# [R] numeric(0)

(Ted Harding) Ted.Harding at nessie.mcc.ac.uk
Wed Dec 29 17:34:56 CET 2004

```On 29-Dec-04 Ted Harding wrote:
> You've fallen into a classic trap: 1:length(sequence)-1 does not
> mean what one might naturally expect.
>
>> sequence<-(1:10)
>> length(sequence)
> [1] 10
>> 1:length(sequence)-1
>  [1] 0 1 2 3 4 5 6 7 8 9
>> 1:(length(sequence)-1)
> [1] 1 2 3 4 5 6 7 8 9
>
> In other words, "1:length(sequence)" is constructed first, then
> 1 is subtracted from every element. As a result, you tried to
> read from sequence[0], which isn't there.
>
> However, you can make it evaluate "length(sequence)-1" before
> constructing 1:(length(sequence)-1), by using the parantheses
> to force precedence.

This got me wondering. Hence:

> 1:2-4
[1] -3 -2

as above. Similarly of course 1:2+4.

Likewise

> 1:2*4
[1] 4 8

and similarly of course

> 1:2/4
[1] 0.25 0.50

However:

> 1:2^4
[1]  1  2  3  4  5  6  7  8  9 10 11 12 13 14 15 16

and not

[1]  1 16

which has to be forced by "(1:2)^4".

So the precedence rules seem to be:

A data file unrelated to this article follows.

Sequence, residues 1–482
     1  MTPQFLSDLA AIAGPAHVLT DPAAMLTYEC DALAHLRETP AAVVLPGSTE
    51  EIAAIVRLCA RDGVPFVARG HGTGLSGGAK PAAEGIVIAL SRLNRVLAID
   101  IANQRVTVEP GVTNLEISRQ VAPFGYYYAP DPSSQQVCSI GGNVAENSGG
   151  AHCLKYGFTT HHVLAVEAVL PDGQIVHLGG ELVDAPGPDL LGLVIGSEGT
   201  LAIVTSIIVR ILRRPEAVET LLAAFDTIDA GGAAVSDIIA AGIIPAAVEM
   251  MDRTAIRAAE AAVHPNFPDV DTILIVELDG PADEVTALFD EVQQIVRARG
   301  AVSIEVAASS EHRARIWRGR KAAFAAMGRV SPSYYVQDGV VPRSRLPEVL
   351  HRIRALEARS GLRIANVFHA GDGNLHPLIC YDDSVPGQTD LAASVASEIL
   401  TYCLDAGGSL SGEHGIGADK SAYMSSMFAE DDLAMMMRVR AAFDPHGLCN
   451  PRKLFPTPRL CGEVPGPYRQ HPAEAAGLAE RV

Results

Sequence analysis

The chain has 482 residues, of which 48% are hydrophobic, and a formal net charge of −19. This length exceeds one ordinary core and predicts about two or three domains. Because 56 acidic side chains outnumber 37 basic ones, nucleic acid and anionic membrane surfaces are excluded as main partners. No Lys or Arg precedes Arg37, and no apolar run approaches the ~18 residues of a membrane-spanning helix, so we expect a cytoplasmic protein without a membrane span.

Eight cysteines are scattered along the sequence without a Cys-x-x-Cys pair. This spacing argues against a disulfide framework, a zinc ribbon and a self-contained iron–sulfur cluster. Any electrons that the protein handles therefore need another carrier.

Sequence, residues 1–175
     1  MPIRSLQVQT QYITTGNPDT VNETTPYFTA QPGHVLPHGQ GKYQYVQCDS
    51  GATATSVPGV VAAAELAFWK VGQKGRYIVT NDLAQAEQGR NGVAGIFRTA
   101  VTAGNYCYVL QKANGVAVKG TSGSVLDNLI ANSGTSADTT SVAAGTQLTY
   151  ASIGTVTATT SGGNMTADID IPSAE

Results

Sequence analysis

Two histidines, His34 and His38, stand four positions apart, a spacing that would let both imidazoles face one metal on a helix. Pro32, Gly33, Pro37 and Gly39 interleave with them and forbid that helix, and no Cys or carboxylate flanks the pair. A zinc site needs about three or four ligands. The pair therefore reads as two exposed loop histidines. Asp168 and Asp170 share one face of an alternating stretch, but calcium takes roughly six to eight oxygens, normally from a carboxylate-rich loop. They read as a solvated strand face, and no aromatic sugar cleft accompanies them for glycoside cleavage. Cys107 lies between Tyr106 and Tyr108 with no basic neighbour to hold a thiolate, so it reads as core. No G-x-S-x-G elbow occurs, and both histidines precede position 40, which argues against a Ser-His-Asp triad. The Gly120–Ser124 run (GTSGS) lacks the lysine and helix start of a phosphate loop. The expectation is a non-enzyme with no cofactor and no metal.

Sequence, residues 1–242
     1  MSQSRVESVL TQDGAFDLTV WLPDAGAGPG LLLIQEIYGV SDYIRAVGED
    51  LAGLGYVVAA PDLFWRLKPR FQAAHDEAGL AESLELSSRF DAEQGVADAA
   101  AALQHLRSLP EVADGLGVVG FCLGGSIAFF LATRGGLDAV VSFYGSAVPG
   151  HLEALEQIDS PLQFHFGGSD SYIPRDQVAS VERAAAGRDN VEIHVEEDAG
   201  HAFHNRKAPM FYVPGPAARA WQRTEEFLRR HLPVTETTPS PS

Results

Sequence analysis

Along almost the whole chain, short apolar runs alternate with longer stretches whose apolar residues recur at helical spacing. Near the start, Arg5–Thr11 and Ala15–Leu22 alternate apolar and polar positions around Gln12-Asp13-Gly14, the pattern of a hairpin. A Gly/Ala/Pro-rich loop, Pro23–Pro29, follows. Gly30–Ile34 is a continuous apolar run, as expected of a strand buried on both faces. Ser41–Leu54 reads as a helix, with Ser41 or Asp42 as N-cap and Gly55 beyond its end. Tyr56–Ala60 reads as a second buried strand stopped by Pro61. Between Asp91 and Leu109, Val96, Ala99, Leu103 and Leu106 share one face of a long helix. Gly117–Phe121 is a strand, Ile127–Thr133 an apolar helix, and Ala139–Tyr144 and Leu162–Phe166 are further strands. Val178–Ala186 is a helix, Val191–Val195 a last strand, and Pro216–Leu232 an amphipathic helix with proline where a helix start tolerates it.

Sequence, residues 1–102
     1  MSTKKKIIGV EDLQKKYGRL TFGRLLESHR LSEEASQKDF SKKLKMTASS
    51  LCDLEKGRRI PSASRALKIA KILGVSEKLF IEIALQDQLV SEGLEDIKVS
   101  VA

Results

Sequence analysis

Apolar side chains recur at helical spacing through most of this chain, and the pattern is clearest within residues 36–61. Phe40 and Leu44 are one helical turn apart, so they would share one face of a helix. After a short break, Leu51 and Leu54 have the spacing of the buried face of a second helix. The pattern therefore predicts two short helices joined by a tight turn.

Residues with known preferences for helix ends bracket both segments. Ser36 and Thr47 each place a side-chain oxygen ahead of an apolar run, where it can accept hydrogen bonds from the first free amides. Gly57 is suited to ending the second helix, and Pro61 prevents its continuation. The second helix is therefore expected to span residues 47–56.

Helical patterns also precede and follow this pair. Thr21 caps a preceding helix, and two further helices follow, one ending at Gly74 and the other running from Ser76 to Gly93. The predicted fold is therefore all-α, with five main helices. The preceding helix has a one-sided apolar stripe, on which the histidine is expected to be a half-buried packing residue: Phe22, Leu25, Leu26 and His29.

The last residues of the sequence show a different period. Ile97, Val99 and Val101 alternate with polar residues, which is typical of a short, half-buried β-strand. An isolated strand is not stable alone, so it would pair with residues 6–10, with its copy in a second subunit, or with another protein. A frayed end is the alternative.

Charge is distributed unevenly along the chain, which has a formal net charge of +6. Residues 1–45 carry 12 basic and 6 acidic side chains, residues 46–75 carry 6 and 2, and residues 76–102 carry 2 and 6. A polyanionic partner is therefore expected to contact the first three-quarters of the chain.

A:  Unary -
B:  ^
C:  :
D:  * /
E:  + -

The position of ":" in this surprises me, intuitively.
I can see reasons why it would be natural for ":" to come
below "Unary -" -- this makes sense of the natural "-2:2",
for instance, so that this gives "-2 -1 0 1 2" and not "-2".

However, I don't see why it was chosen to make "1:2^4" mean
"1:(2^4)" and not "(1:2)^4". My intuitive expectation is that
this should follow the pattern of 1:2*4 or 1:2+4. All three
are, after all, simply binary arithmetic operators. So I'd
have expected to find ":" at position "B", above "^" at "C",
and not between "^" and "*".

What's the best place to look for the details on operator
precedence and the like in R?

[And, just to pre-empt the suggestion: I'm very much in the
habit of using parentheses to force precedence in all cases
where I'm not absolutely sure of the outcome ... ]

Thanks, and best wishes to all,
Ted.

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Date: 29-Dec-04                                       Time: 16:34:56
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